Suitcase Royale unpacks in Pittsburgh

The Suitcase Royale, a touring theater company from Melbourne, Australia, visited the School of Drama on Saturday. The Royale, made up of Miles O’Neill, Joseph O’Farrell, and Glen Walton, is a young company, brought to the city by the Pittsburgh Cultural Trust as part of this year’s themed celebration of Australian artists. The members have only recently graduated from Victoria College in Melbourne, Australia, where they pursued double majors in theater and, respectively, English (O’Neill), contemporary dance (O’Farrell), and communications media (Walton). During the question-and-answer session at Carnegie Mellon, the Royale members answered questions about their recent success at international theater festivals such as the Edinburgh Fringe, where their performances generated praise from critics and audiences.

The group’s success, like its work, has taken an unconventional route. From performing atop a bar at the Melbourne Fringe Festival, where the Royale won the Audience Choice Award, to Edinburgh, the company’s rise to critical acclaim has been fast. Despite this, the trio’s attitude during the session here was relaxed and humble as the actors spoke of their experiences at school, their creative process, and their plans for the future.

The Royale’s performances are shaped by the actors’ dislike of aspects of their traditional conservatory training and the professional theater world in general, but they agreed that school was a valuable experience. “Even though we went to a sort of mediocre university, school gave us access to these great things,” said O’Neill. “Black-box theaters. Tech guys always hanging around willing to talk to us. Extension cords. That helped a lot.”

The actors’ work onstage reflects their diverse training and interests: incorporating music; quick, clever dialogue; and physical movement so exaggerated it sometimes evokes choreography. The Royale’s performances are exhilaratingly rough, falling under the category of D.I.Y. The set is a harvest of the street, the living room, and the junkyard, with transitions often signified by cardboard signs, the passing of time with a handheld moon. The fake blood is an aromatic blend of food coloring and vinegar, and green masking tape at one point becomes a moustache.

But what distinguishes the Suitcase Royale from many of the “experimental” D.I.Y. theater collectives or performers is the actors’ commitment to craft onstage. This isn’t craft as it appears in traditional theater format, but skilled timing, complex narrative technique, and consistently powerful energy. Their tight, controlled pacing and delivery show an understanding of theater and the importance of communication with the audience — a sensibility that many D.I.Y. acts, despite their high energy, miss.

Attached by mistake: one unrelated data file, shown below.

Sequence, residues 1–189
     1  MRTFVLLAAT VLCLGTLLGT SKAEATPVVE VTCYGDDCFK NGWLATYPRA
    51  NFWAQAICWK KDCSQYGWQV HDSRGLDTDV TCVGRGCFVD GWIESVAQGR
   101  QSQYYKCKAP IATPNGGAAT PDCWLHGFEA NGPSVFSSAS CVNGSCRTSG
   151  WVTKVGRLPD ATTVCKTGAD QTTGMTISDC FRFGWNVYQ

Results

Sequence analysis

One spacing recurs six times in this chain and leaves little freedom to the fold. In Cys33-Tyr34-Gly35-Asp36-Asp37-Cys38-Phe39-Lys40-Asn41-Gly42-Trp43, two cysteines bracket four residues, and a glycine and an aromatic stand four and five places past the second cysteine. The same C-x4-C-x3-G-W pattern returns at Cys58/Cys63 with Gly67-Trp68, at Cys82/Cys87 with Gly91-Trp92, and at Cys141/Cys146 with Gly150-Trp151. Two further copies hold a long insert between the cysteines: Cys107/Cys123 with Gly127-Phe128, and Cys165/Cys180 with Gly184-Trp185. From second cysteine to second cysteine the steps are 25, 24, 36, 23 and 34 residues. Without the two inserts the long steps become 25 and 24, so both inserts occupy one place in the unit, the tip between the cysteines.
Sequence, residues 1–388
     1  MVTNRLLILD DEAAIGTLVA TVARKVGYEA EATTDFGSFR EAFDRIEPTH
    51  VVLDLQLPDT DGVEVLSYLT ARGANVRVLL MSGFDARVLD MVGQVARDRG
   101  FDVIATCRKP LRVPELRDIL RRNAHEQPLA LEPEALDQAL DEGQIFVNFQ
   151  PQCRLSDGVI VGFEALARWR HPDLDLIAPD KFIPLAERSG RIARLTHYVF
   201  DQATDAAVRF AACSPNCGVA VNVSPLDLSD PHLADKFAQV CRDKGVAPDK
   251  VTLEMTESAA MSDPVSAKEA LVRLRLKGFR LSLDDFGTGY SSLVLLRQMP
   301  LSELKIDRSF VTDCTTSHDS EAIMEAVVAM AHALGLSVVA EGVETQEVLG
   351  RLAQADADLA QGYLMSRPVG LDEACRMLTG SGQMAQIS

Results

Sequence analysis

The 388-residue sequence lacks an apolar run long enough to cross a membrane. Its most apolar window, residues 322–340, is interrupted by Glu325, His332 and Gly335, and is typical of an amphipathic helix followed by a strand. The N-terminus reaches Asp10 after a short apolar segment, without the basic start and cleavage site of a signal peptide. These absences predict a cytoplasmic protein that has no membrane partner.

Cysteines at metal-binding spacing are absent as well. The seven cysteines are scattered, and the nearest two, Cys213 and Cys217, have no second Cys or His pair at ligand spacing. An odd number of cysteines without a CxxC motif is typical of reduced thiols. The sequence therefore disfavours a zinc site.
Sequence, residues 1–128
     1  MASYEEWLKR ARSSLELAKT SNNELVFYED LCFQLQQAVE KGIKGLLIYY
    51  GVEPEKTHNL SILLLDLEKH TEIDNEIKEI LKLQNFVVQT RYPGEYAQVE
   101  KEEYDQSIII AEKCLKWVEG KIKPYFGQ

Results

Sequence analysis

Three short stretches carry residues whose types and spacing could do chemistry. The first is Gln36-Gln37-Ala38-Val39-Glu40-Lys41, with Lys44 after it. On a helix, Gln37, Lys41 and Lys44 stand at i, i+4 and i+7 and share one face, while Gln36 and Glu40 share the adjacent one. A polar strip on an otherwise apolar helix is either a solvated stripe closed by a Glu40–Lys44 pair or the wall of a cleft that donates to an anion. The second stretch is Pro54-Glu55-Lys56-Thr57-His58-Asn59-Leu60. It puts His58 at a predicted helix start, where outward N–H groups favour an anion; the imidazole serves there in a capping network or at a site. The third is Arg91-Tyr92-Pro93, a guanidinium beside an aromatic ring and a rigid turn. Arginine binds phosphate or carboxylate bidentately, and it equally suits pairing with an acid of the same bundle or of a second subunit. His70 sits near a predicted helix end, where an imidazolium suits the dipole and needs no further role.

The Royale draws inspiration from various sources outside traditional drama. “We don’t really see much theater,” O’Neill said. “We draw more from films and music.”

“I don’t know if that’s entirely true; we watch plays,” O’Farrell interjected.

“We haven’t decided whether we watch theater or not,” Walton concluded, to laughter from the audience.

Although theater attendance is somewhat of a gray area, the influence from other genres is clear. “We really wanted to be a rock band,” Walton said. “That didn’t work out, so we were like, ‘Hey, theater!’ ”

“We’re influenced a lot by film — a story unfolding in a series of frames,” added O’Farrell. “We start with images we find striking, then build a story from those images.”

Though this method may sound theory-driven or detached, the Royale in action is anything but abstract. Last week, the troupe’s performances at the Warhol Museum of its most recent piece, Chronicles of a Sleepless Moon, burst off the stage with rampant energy. O’Neill, O’Farrell, and Walton used slapstick and vaudevillian physical techniques to tell the bizarre story of a newsman, a butcher, and a mad doctor who travel under the earth in a machine fueled by cow blood in a mysterious but noble quest to map the underground. Attending audiences welcomed the scrambling energy and madcap, nonsensical plot of the piece, which had some sold-out shows.

The friendship and rapport between the members of the Royale was clear from their easy overlapping in the School of Drama meeting, and their work onstage shows their shared enthusiasm for what they do, as artists and as friends. They are optimistic about their future as a company and want to continue experimenting.

The Suitcase Royale performs at the Andy Warhol Museum on Sunday at 6 p.m.